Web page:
Over the next two months, the Rolling Stones and their coterie of crew members and hangers-on crisscrossed North America. At each stop along the way, the local citizenry paused their lives long enough to gawk at, rejoice in or denounce the “event of the year.” In Chicago, the band stayed at Hugh Hefner’s Playboy Mansion when they couldn’t get secure enough hotel rooms elsewhere. In Houston and Fort Worth, Texas, they brought out a Hollywood film crew to capture the show for posterity. Eventually, that footage would get chopped up and released as Ladies and Gentlemen: The Rolling Stones.
A separate, more illicit documentary was also in the works that captured the band’s candid offstage exploits. That film, titled Cocksucker Blues, was produced by Stones manager Marshall Chess and directed by Robert Frank. Though it would never receive an official release, if you search down some of the darker corners of the Internet, it’s not too hard to find. Viewer discretion is advised.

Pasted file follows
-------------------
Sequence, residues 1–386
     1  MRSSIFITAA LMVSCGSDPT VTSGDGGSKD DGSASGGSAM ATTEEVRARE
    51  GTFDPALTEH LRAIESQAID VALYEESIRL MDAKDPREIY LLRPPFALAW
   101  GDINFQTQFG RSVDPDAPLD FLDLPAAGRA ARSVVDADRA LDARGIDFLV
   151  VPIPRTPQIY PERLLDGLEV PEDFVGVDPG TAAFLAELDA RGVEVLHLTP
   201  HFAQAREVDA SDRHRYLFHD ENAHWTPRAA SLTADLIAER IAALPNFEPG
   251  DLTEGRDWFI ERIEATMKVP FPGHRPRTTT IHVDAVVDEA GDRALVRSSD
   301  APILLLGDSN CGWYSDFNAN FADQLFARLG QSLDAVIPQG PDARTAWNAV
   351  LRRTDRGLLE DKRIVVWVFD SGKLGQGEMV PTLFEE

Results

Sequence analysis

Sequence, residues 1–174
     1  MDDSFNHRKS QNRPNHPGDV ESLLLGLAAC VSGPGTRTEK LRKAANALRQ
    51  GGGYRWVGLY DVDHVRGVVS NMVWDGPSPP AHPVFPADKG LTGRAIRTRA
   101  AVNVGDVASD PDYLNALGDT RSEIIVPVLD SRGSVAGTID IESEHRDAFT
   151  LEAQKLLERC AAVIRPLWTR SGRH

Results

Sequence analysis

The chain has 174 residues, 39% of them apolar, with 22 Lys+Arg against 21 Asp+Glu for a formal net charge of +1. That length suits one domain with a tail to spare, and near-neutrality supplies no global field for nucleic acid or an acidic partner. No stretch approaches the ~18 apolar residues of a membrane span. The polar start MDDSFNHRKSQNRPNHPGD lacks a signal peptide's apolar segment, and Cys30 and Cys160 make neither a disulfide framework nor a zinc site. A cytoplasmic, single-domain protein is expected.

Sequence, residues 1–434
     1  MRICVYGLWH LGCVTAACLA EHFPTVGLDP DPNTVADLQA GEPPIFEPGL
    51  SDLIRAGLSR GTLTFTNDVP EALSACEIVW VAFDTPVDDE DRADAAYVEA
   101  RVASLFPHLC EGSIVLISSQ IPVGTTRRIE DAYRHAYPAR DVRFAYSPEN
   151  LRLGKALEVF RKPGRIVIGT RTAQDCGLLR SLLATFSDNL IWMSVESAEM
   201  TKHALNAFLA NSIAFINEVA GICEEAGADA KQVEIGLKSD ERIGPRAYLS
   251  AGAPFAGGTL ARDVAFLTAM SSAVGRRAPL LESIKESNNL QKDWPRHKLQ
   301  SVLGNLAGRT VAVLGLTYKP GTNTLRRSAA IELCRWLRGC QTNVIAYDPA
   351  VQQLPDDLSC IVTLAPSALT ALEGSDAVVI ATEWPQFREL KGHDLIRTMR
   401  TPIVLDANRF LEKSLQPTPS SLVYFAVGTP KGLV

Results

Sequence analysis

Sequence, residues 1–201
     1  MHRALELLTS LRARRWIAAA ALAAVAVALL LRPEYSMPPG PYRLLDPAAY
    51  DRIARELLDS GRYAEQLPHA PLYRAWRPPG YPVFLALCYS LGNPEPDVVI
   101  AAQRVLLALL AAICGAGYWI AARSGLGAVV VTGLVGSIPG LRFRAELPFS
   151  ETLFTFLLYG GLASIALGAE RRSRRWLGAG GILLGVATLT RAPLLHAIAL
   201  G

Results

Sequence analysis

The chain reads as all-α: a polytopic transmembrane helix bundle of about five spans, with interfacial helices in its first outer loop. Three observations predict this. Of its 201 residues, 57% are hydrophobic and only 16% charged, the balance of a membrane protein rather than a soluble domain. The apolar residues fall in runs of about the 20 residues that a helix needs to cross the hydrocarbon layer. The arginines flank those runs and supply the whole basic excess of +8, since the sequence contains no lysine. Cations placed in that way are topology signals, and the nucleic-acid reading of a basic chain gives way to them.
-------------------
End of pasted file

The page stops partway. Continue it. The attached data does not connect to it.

“New York is New York is New York,” famed concert promoter Bill Graham explained to author Robert Greenfield, who tagged along for most of the tour and penned the book A Journey Through America with the Rolling Stones. “’Til you do it there, it hasn’t happened. They could have sold the Garden out for a year. They are the biggest draw in the history of mankind. Only one other guy ever came close—Gandhi.”
New York was ready for the Stones, and the Stones were more than ready to take a bite out of the Big Apple. The band’s four shows spread over three nights at Madison Square Garden were the unquestioned highlights of the tour, with the final night pegged as the can’t-miss gig. Everyone wanted in on the action.